From the Motherland is a series where I pay homage to my Ukrainian heritage and share the beloved eastern European recipes I grew up eating. This simple leek salad with carrots and apples is a crunchy and refreshing side dish. Think of it as a spicy cabbage-less coleslaw.
Leeks haven’t played a big part in my adult life either. For years, I walked past them at the store, ignored them on restaurant menus, and disregarded recipes that called for them. Only recently did I discover how wrong I was.
A month or so ago, I had dinner with a friend at a Polish restaurant here in Syracuse. There was a fresh leek salad on the menu, which we figured would go perfectly with our pierogi. The salad was a mess of thinly sliced raw leeks, apples, and shredded carrots in a creamy dressing. When I took the first bite, I realized I’d eaten this before. (Polish and Ukrainian cuisines are very similar.)
My brain took me back to a vague memory of a loud family gathering around a long table with platters and platters of homemade food. I couldn’t place the exact time or location of this flashback, but my taste memory didn’t fail me. Since then, I’ve been buying leeks and loving experimenting with them. Including recreating this very salad.
What’s In This Leek Salad
This simple Polish/Ukrainian leek salad consists of raw leeks, shredded carrots, chopped apple, and mayo (or sour cream, or a mix of the two). You can think of it as coleslaw’s spicy, cabbage-less cousin – grassy, crunchy, and fresh. It makes a great side dish for rich foods like BBQ and braises.
A Bit About Leeks…
Although leeks belong to the onion family, they couldn’t be more different from their round, yellow counterparts. Leeks are slightly less pungent, more floral, and taste more… well, more green! It’s helpful to think of them as giant scallions. Leeks are high in Vitamins A, C and K, as well as various minerals. They also contain kaempferol, an antioxidant known to have anti-inflammatory, antimicrobial, anticancer, and cardioprotective properties.
You can eat leeks raw…?
Yes! They’re basically an onion-scallion hybrid, so why not? The white/light green parts are milder than the dark green. If the leek is young and fresh, the dark parts can be eaten raw, too. With more mature leeks, the dark greens can be too spicy and fibrous. In that case, trim them off and make a potato-leek soup or a pasta, or freeze them to make scrap broth later.
Leek Salad Step-by-Step
Choose the Best Ingredients: Since this salad has just a handful of ingredients and they’re all raw, use the best quality, most flavorful vegetables you can get (i.e. organic and in-season, if possible).
Clean the Leeks: Leeks – especially the dark green parts – tend to house a lot of dirt between the layers. To clean, slice them into thin half-moons and place in a large bowl of water. Swirl the leeks with your hands while separating the layers to release the dirt. Then lift out and place back on the cutting board. If the water looks really dirty, repeat the process.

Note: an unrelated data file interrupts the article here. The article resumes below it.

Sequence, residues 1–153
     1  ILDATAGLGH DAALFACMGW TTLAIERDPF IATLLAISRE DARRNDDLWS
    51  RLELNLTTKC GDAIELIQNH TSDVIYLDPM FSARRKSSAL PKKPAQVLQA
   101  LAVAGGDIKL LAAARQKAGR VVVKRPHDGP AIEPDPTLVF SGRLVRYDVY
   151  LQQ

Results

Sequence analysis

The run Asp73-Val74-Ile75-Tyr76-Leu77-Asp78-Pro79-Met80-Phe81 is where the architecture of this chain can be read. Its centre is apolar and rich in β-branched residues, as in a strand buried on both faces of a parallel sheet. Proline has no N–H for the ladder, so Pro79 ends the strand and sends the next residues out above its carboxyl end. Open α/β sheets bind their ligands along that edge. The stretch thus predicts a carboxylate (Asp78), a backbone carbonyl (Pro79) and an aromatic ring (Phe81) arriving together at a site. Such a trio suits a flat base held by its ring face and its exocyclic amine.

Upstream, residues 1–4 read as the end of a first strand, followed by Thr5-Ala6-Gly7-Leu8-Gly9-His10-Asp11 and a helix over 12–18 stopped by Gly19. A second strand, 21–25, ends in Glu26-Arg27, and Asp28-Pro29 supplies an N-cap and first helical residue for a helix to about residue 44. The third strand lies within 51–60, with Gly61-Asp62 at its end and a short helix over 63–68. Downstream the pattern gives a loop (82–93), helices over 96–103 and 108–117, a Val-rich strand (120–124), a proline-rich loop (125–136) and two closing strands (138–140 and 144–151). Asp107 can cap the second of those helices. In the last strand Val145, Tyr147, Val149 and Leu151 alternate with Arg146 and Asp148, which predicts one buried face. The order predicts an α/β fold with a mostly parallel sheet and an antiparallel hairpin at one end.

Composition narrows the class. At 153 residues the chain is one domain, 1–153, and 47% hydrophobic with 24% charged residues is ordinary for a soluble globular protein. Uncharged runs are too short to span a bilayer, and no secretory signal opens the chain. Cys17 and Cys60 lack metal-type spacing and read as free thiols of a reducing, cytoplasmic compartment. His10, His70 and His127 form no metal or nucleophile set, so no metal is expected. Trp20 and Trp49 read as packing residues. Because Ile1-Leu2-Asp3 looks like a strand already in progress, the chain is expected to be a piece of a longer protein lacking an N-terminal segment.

Mix the Salad: Transfer the clean leeks to a large mixing bowl and add the carrots, apples, mayo, salt, and pepper. Serve immediately.
More Ukrainian recipes…
- Fried Potatoes with Mushrooms and Dill
- Kasha with Caramelized Mushrooms and Onions
- Traditional Potato Varenyky
- Roasted Eggplant “Caviar”
Let me know if you try this recipe! Give it a rating below and leave a comment, and don’t forget to tag your creation with @thenewbaguette on Instagram.Print
This Ukrainian leek salad with carrots and apples is a crunchy and refreshing side dish. Think of it as a spicy cabbage-less coleslaw.
- 1 large or 2 small leeks, white and green parts
- 1 large or 2 small carrots, peeled and grated (about 1 cup) *(see note below)
- 1 tart apple, cored and cut into small bits
- 1/3 cup mayo or sour cream, or a mix of both (traditional or vegan)
- Fine sea salt and freshly ground black pepper, to taste
- Start by cleaning the leek: Trim the root end, as well as 1-3 inches off the dark green part (just whatever looks bruised/dry, see note below). Halve the stalk lengthwise and cut into thin half-moons.
- Place leeks in a big bowl of water and swirl around with your hands while separating the layers to release all the dirt. Lift the leeks out of the water and place back onto your cutting board. If the water looks really dirty, repeat the process with new water.
- Transfer the leeks to a large mixing bowl and combine with the remaining ingredients. Season to taste and serve immediately.
- To speed up the grating process, use your food processor with the shredding attachment to prep the carrots.
- If the leek is young and fresh, the dark parts can be eaten raw, too. With more mature leeks, the dark greens can be too spicy and fibrous (hard to chew). In that case, trim them off and save for a potato-leek soup, pasta, or scrap broth.
- Serving Size: 1/6 of the recipe
- Calories: 120